What is Diabetes?
Diabetes is the condition in which the body does not properly process food for use as energy. Most of the food we eat is turned into glucose, or sugar, for our bodies to use for energy. The pancreas, an organ that lies near the stomach, makes a hormone called insulin to help glucose get into the cells of our bodies. When you have diabetes, your body either doesn’t make enough insulin or can’t use its own insulin as well as it should. This causes sugars to build up in your blood. This is why many people refer to diabetes as “sugar.”
Diabetes can cause serious health complications including heart disease, blindness, kidney failure, and lower-extremity amputations. Diabetes is the seventh leading cause of death in the United States.
- The following symptoms of diabetes are typical. However, some people with type 2 diabetes have symptoms so mild that they go unnoticed.
- Common symptoms of diabetes:
- Urinating often
- Feeling very thirsty
- Feeling very hungry – even though you are eating
- Extreme fatigue
- Blurry vision
- Cuts/bruises that are slow to heal
- Weight loss – even though you are eating more (type 1)
- Tingling, pain, or numbness in the hands/feet (type 2)
Early detection and treatment of diabetes can decrease the risk of developing the complications of diabetes.
What are the types of Diabetes?
Type 1 Diabetes, previously called insulin-dependent diabetes mellitus (IDDM) or juvenile-onset diabetes, may account for 5 percent to 10 percent of all diagnosed cases of diabetes. Risk factors are less well defined for Type 1 diabetes than for Type 2 diabetes, but autoimmune, genetic, and environmental factors are involved in the development of this type of diabetes.
Type 2 Diabetes was previously called non-insulin-dependent diabetes mellitus (NIDDM) or adult-onset diabetes. Type 2 diabetes may account for about 90 percent to 95 percent of all diagnosed cases of diabetes. Risk factors for Type 2 diabetes include older age, obesity, family history of diabetes, prior history of gestational diabetes, impaired glucose tolerance, physical inactivity, and race/ethnicity. African Americans, Hispanic/Latino Americans, American Indians, and some Asian Americans and Pacific Islanders are at particularly high risk for type 2 diabetes.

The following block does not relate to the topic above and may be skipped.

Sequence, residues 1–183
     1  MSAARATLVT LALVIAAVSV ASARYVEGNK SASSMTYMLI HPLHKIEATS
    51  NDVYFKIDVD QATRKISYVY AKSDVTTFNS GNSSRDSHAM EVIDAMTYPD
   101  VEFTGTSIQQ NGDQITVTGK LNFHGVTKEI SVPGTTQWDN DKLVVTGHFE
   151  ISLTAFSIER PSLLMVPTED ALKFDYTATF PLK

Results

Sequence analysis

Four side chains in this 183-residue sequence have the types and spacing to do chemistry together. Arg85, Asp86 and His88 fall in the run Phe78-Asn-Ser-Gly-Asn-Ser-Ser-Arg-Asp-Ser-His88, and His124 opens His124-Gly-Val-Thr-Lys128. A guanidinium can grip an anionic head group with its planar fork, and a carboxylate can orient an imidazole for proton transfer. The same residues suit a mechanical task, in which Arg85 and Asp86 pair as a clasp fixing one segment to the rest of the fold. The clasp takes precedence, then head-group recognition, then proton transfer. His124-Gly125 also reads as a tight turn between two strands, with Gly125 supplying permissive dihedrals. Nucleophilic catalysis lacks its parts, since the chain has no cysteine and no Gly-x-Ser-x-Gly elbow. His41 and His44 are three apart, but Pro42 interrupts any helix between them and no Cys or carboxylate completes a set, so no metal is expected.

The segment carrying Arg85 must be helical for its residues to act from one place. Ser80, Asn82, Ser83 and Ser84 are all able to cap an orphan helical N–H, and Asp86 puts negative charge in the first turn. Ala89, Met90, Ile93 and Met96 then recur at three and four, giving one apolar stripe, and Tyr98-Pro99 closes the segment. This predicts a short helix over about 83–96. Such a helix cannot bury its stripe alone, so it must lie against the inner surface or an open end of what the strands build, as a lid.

Gestational diabetes develops in 2 percent to 5 percent of all pregnancies but usually disappears when a pregnancy is over. Gestational diabetes occurs more frequently in African Americans, Hispanic/Latino Americans, American Indians, and people with a family history of diabetes than in other groups. Obesity is also associated with higher risk. Women who have had gestational diabetes are at increased risk for later developing Type 2 diabetes. In some studies, nearly 40 percent of women with a history of gestational diabetes developed diabetes in the future.
Think outside the box this Thanksgiving! Instead of cooking and serving a whole turkey, try a leaner alternative with this turkey breast recipe.
Serves 6. Per serving:
37 grams of carbohydrate
35 gram of protein
15 grams of fat
1.5 gram of saturated fat
17 grams of sugar
5 gram of dietary fiber
750 mg of cholesterol
215 mg of sodium
- Rinse rice under running water and pick out any grains that do not look good to you. Place rice, shallots, bay leaf, salt and stock in a 4-quart pan and cook until rice is tender, fruit, nuts and pepper. Set aside to cool before stuffing turkey breast.
- Preheat oven to 400°F. Place turkey breast on cutting board and butterfly. Pound to even thickness. Season with Salt & Pepper Blend.
- Place stuffing over turkey breast and roll turkey breast to enclose. Tie at 3-inch intervals. Place on roasting rack and roast for approximately 45-60 minutes or until meat thermometer reads 155-160°F. Let rest at least 15 minutes before slicing. Remove skin before eating.